1 Kings 4

Israel Under Solomon

A Happy Kingdom

They ate, drank, and were happy (1 Kings 4:20).

This painting reflects the way Egyptian banquets were typically shown during the New Kingdom. Each of the women is shown holding a lotus flower. Although such scenes do not typically represent the participants actually eating, this was the standard way in which banquets were depicted, illustrating the happy scene described by this verse. This painting was photographed at the Bible Lands Museum in Jerusalem.

The River

Solomon ruled over all the kingdoms from the River to the land of the Philistines (1 Kings 4:21).

“The River” in this context is to be understood as the major river to the north, the Euphrates. This view of the Euphrates is near Carchemish, nearly straight north of the kingdom of Israel.

The Border of Egypt

Even to the border of Egypt (1 Kings 4:21).

The “border of Egypt” is likely to be identified with Wadi el-Arish. The Wadi el-Arish was also known as the “wadi of Egypt” in the Bible (nahal mitzraim; to be distinguished from nahar mitzraim, which is the “River of Egypt,” the Nile). It may also be the “Shihor” of Joshua 13:3. This photo was taken near the location where the Wadi el-Arish meets the sea.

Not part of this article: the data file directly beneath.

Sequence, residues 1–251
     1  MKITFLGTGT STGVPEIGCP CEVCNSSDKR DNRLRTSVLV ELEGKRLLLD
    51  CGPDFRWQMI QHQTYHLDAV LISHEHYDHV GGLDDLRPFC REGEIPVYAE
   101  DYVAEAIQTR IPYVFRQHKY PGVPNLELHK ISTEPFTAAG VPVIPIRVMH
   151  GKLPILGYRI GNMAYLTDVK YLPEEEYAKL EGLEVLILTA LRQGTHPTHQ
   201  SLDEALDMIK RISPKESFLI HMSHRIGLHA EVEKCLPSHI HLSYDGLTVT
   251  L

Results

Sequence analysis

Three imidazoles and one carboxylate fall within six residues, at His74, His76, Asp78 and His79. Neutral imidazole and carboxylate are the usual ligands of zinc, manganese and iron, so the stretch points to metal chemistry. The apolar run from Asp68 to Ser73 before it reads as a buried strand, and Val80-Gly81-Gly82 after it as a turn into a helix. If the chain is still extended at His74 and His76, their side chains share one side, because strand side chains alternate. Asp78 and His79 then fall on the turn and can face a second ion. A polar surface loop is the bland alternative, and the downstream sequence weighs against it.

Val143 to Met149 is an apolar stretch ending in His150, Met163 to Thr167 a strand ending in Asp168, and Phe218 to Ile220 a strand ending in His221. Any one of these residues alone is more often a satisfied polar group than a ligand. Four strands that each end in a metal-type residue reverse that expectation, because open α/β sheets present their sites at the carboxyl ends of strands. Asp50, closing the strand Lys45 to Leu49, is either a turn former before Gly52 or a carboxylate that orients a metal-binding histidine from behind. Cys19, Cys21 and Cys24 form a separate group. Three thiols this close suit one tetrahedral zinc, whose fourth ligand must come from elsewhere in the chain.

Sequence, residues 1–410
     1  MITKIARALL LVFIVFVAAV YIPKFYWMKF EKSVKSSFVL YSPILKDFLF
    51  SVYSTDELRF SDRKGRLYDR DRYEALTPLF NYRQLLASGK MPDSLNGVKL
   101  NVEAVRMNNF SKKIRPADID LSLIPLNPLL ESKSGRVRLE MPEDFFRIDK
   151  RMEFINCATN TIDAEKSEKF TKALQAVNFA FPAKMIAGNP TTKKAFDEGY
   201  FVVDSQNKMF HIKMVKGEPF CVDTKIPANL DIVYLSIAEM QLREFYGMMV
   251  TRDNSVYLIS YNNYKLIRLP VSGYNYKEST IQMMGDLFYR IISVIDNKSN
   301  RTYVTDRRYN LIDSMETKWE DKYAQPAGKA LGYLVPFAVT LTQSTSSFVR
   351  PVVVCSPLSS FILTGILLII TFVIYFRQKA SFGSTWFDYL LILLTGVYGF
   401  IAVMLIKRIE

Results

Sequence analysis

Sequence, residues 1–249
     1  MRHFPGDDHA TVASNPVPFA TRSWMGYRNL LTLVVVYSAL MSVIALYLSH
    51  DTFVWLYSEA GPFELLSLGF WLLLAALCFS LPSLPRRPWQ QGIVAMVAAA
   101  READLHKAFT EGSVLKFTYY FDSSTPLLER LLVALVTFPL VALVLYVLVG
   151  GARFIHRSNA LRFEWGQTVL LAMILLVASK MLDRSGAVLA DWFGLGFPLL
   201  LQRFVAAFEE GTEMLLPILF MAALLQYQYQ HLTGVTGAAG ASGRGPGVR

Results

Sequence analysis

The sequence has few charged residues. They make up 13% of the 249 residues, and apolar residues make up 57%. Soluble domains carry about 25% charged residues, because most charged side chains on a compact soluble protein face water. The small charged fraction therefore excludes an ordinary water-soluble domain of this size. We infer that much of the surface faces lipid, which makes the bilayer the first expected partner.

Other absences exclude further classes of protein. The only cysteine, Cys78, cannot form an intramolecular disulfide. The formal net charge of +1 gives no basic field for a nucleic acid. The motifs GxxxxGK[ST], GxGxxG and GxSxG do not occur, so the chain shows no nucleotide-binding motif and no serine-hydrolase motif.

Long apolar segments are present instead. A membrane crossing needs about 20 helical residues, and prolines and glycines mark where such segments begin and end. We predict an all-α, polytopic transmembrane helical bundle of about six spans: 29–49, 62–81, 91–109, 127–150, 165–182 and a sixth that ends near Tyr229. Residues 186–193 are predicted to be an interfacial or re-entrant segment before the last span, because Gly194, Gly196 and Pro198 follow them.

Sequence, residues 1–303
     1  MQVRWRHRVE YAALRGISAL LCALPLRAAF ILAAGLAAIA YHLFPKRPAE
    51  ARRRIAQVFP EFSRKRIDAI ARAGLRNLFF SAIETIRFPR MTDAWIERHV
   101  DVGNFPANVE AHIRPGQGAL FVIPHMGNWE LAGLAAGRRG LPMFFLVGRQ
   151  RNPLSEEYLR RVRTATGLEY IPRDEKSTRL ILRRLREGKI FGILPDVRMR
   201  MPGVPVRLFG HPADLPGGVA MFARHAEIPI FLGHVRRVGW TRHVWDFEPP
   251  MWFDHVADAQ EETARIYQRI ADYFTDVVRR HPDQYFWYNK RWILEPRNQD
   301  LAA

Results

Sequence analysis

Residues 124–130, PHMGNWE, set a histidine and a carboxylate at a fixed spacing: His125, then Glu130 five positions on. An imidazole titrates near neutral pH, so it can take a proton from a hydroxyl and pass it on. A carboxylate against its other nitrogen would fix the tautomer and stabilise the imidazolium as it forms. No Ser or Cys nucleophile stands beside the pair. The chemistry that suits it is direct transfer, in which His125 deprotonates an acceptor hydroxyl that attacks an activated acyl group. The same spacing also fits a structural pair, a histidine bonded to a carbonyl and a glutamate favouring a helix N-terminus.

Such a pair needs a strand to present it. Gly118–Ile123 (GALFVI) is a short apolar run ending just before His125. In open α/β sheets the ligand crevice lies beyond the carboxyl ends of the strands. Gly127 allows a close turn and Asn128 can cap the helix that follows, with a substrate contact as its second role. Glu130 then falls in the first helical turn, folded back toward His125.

Royal Tribute

They brought tribute and served Solomon all the days of his life (1 Kings 4:21).

This scene depicts a wide variety of goods and animals being brought as tribute to the Egyptian king Ramesses II. Among the animals are cattle, leopards, an ostrich, lion, and gazelle-type animals. The long, black planks carried over the shoulders of several men may be expensive ebony wood. The bundles visible at the upper right may be additional ebony and also ivory elephant tusks. This cast of a wall-painting was photographed at the British Museum.


So Judah and Israel lived in safety, every man under his vine and his fig tree (1 Kings 4:25).

Figs and grapevines both grow well in the hill country of Judah and Israel and are useful for a variety of edible products. Grapes could be eaten fresh, dried, or pressed to make wine. Figs could be eaten fresh or dried to preserve them as a sweet food for later use. The image of every man sitting under his own vine and fig tree was picked up by Micah and Zechariah as images of the coming messianic kingdom (Mic 4:4; Zech 3:10). Solomon’s kingdom provided a preview of the earth under the rule of a greater Son of David.

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